Security as a monetization option


Given a "Could file sharing" service, is it feasible to provide non-secure (http) service for free, whereas if you need to store and transfer important data, you pay for secure service (https) a nominal ($5) monthly fee.

Would this be accepted by the users?

If you answer is "NO", please read my explanation:

A community-like initial response would be - no, you can't monetize of security, when it come to file sharing. But think about it - what are the chances that your traffic is getting sniffed on the way to ISP? Low. From ISP to the destination server data center - almost none. So when you are sending someone a photos from a party, you hardly need SSL. But if a designer is sending sketches of a web site, SSL is required when there are competitors, etc.

Monetization Security

asked Apr 3 '12 at 23:34
Maxim V. Pavlov
217 points
  • Have you looked at Picasa, SnapFish, KodakGallery? – Karlson 11 years ago
  • I haven't looked at their paid offers. Will take a look now. Thanks. – Maxim V. Pavlov 11 years ago

3 Answers


I believe security can be monetized, and that people will pay for excellent security. You will have to offer far more than just SSL (https) for uploads and downloads however. As just one example of what people might want consider audit-ability of who downloaded the file?

If all I want to do is transmit something securely, why wouldn't I simply encrypt it rather than transmitting it in the clear?

answered Apr 4 '12 at 00:43
Jonny Boats
4,848 points


You can monetize anything you want, if you know how to sell it to the customer. In the 80's a computer company sold millions of copies of "RAM Doubling" software, that actually did nothing. Clever marketing let them get away with it until they were finally caught by the press.

If you can convince your customers that secure is better, you can sell it to them.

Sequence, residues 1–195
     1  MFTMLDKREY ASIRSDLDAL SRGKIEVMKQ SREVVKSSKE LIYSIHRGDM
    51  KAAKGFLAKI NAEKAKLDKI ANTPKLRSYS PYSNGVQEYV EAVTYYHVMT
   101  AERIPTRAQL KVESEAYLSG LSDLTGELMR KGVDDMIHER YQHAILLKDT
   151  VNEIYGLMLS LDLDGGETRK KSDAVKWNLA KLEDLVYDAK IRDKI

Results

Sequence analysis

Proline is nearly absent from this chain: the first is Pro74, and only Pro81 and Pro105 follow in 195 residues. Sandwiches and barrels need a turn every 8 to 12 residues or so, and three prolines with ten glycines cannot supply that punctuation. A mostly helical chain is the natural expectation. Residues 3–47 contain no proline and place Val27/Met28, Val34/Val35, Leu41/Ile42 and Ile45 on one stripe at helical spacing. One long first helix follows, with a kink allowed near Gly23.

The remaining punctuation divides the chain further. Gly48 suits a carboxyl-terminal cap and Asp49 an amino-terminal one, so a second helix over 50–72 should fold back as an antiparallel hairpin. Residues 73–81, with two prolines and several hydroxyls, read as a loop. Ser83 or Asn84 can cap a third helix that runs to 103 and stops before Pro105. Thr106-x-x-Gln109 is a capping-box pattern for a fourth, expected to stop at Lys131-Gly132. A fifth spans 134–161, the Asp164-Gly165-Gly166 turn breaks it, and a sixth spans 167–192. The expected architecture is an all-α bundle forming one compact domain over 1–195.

You do realize that bandwidth is not free, though? You are going to pay virtually the same amount of money for bandwidth for your free customers as for your "secure" customers. The "secure" customers will require more processor overhead, but not a lot.

So are your "secure" customers going to subsidize your free customers? Where and how will you make money?

The point of running a business is to make money, and you need to plan for that from the start. Simply saying that you think a competing service is making money isn't a plan for you. You need to plan for how you will make money in advance, or you will quickly run out of money and your business will fail.

answered Apr 4 '12 at 04:31
Gary E
12,510 points
  • Well, I am not afraid of sounding dull - how does Dropbox makes money, since most of his costumers are free riders? I don't know how I am going to make money off of the free one's, probably by introducing nice (not text) ads on free page as well. But I really don't want to do it, since any adds just make a page look like trash. I'll have to think it through. – Maxim V. Pavlov 11 years ago
  • @Maxim - are you sure Dropbox is making a profit? High volume customers (which will cost you the most) do get charged. – Jeff O 11 years ago
  • Yes, I am sure Dropbox is a profitable company. They have changed their web-interface recently. It is now very professional-looking and sleek. It takes a collaboration of a well-motivated team to push something that clean to the market from my perspective, therefore I make a conclusion, that they are "in a very good standing" that makes everyone in the company fell good and therefore produce good results. – Maxim V. Pavlov 11 years ago


I think it is one way to justify a charge, but may not be the deciding factor for a lot of users to convert. It may be a combination of: security, file space, speed, and the ability to share with other accounts. Some users pay just because they want to see a quality product flourish (I believe Evernote discovered this.).

There may be a market for health care professionals assuming you can meet their standards and keep an affordable rate. That will not be an easy task and will have issues from one country to the next.

answered Apr 4 '12 at 06:43
Jeff O
6,169 points

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